***

Watching you get in. That's my favorite part. 

My truck sits high off the ground, and you have to almost jump to get in. I'm not always a perfect gentleman, I have to confess. I don't always open the door for you like I should, to teach you that when you're older, you have to fall in love with a boy who does that. I just like watching you as you clamber clumsily into the cab. You aren't very graceful, but I think one day you will be. 



You get buckled up, I get buckled up, and we take off. You're smiling. It never takes long, and the question always comes. 

"Dad, can you turn on the music?" 

I do. I always do. 

You always sing along. It doesn't matter if you know the words or not. You still sing. I will give you an example, using Taylor Swift's "Mine" as an example. 

You don't really know the words, not all of them, and so it sounds something like this: 

"You were in college hmm hmm ahhh haaa mmmhmmm,
Left a hmm mmm ahh haahmm ahhh."

But then the chorus comes, and suddenly, you're on a stage, you're in your element, and your voice rises with the power of the knowledge of the words. 

"DO YOU REMEMBER WE WERE SITTING THERE BY THE WATER!
YOU PUT YOUR ARM AROUND ME, FOR THE FIRST TIME!"

I have another confession, daughter. 

Sometimes I put on songs I know you'll sing to. 

My mind, in its ceaseless recollection of trivial information and recurring moments, flashes back to something very important in my life. 

I sat at home the night before making the drive to pick you and your brother up. I was trying to think of ways to introduce you to our great big family before you actually met them, and I decided to make a picture slideshow on my iPad for you both to watch. 

I placed pictures in order and captioned them, and then I set it all to the music of "Guinevere," by the Eli Young Band. 

On the way home from Watonga, you watched that video a hundred times. At some point, you figured out the words to the song, and you belted them out ceaselessly. Then you serenaded us with Christina Perri's "Jar of Hearts," which was the only other song I had on the iPad. 

You were gorgeous. You were amazing. And you still are.

Listening to you sing, that's my favorite part. 

Inevitably, your interest in singing wanes, and you start talking to me. Sometimes the craziest things come out of your mouth. Last night, for example, you counted Christmas trees. Then you started spotting cars that looked like your mom's.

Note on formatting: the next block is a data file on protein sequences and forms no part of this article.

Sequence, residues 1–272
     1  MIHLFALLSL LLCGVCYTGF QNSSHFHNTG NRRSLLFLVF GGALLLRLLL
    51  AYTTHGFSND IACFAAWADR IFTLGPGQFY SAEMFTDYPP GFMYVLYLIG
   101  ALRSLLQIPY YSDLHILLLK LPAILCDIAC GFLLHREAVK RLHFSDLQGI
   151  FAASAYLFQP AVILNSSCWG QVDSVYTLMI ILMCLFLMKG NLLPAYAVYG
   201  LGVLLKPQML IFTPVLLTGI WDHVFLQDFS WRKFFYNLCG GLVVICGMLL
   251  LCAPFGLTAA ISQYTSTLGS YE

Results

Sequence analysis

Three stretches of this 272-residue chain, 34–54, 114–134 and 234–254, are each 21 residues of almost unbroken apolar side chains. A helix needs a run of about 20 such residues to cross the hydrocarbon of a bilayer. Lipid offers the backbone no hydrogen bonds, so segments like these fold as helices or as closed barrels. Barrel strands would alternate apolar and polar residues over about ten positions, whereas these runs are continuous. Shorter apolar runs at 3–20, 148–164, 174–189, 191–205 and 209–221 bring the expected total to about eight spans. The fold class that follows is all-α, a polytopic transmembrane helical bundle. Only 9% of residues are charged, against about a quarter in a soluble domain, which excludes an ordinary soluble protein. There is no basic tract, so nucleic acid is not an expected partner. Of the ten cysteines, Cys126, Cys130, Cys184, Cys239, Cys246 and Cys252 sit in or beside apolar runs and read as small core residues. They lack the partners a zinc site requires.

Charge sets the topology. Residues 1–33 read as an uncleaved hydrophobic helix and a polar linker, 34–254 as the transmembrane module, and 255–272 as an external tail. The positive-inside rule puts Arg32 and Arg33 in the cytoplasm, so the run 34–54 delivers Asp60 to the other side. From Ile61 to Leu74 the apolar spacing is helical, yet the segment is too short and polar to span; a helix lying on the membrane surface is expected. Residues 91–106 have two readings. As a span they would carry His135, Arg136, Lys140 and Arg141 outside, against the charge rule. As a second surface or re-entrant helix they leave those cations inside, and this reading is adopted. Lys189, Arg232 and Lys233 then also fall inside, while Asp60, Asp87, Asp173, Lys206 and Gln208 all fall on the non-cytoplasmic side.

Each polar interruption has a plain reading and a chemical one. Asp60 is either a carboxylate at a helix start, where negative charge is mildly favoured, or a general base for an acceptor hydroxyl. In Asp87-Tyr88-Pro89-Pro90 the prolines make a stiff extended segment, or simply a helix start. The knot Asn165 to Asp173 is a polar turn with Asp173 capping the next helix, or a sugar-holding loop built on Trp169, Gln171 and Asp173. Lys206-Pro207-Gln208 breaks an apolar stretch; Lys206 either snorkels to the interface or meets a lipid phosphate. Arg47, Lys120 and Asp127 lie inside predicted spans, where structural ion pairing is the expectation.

Sometimes we talk about stuff as normal as how your day was, and then there are times such as the other night when you wanted me to explain to you what nihilism was. After telling you my best guess of a definition, you responded promptly. 

"Well, I believe in Jesus." 

I know you do, darling. And nothing makes me happier. 

You always ask for gum. For the last six months, I've kept a pack in my truck just for you and your brother. 

You smack your gum. Loud. 

Which brings us yet to another confession, dear daughter. If anyone else in my truck smacked their gum as loudly as you, I would pry open their jaws, rip the gum from their mouth, and toss it out the window. But you, you're different. I guess it's cute...for now. 

Talking to you, that's my favorite part. 

You want to hear something crazy? 

My truck has a sensor in the passenger seat that measures weight, and turns the airbag off automatically when someone doesn't weigh enough. A little light in the center of the console indicates when the sensor has been triggered and the airbag is off. 

When we first got you and your brother, that light was always on. 

"Passenger Airbag Off" 

Now? Now that little light flickers when you sit in the seat. Sometimes it's on, sometimes it's off. It's not broken. 

You're getting bigger. You see, that light is an indicator in more ways than one. You're older, bigger, smarter. 

But it also tells me something else. 

One day, you'll stop riding in my truck. Instead, you'll get a car of your own, and maybe you'll start riding in trucks with other boys. It is just as inevitable as you singing, and just as inevitable as all of our wonderful trips together have to come to end when we get to our destination. 

You unbuckle and slide out of the truck awkwardly, hanging on to the door handle for dear life. Your feet land on the ground, and your little blond head disappears into the house. 

Watching you get out, that's the worst part. 

To end this, I think I'll borrow another line from Miss Swift, one that happens to be in the same song as previously mentioned, and a line that I have definitely memorized. 

"You are the best thing, that's ever been mine."